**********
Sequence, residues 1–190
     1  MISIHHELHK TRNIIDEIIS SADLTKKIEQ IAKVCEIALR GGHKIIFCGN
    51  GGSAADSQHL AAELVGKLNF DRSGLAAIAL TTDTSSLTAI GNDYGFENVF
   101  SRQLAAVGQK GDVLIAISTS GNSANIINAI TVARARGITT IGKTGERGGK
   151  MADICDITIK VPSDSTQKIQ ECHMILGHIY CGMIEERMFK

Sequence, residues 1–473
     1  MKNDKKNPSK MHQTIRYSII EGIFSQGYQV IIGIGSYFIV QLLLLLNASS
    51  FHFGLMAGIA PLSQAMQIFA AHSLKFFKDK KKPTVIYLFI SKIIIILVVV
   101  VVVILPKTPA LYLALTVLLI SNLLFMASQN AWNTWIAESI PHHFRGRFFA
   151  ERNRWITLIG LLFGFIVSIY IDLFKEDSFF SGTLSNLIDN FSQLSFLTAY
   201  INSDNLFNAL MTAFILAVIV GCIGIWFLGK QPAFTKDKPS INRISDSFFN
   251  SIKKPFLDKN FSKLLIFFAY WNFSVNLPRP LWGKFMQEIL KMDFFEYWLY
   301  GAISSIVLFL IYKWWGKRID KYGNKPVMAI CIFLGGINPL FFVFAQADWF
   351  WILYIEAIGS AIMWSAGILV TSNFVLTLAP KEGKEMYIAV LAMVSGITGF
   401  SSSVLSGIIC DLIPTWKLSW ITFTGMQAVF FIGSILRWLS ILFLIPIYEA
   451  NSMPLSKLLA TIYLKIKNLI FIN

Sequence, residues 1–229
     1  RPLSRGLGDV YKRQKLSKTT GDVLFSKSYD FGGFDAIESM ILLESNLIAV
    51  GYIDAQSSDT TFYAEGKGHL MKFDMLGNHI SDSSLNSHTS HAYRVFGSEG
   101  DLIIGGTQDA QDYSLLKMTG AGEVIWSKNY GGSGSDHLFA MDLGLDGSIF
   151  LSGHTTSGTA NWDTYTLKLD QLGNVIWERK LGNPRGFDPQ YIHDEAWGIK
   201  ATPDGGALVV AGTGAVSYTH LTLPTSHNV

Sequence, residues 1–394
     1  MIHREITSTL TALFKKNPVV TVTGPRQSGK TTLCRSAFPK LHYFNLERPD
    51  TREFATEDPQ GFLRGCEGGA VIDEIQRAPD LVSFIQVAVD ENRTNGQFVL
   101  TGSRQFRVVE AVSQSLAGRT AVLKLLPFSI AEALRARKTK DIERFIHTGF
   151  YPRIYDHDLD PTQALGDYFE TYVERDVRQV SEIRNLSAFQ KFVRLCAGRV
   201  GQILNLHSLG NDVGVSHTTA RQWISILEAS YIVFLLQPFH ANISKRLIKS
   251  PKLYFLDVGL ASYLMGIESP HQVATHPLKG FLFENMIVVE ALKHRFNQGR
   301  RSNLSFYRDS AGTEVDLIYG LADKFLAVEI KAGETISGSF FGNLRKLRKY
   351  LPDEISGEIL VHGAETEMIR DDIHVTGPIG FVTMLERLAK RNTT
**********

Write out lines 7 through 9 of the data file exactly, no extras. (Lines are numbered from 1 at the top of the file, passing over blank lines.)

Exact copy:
     1  MKNDKKNPSK MHQTIRYSII EGIFSQGYQV IIGIGSYFIV QLLLLLNASS
    51  FHFGLMAGIA PLSQAMQIFA AHSLKFFKDK KKPTVIYLFI SKIIIILVVV
   101  VVVILPKTPA LYLALTVLLI SNLLFMASQN AWNTWIAESI PHHFRGRFFA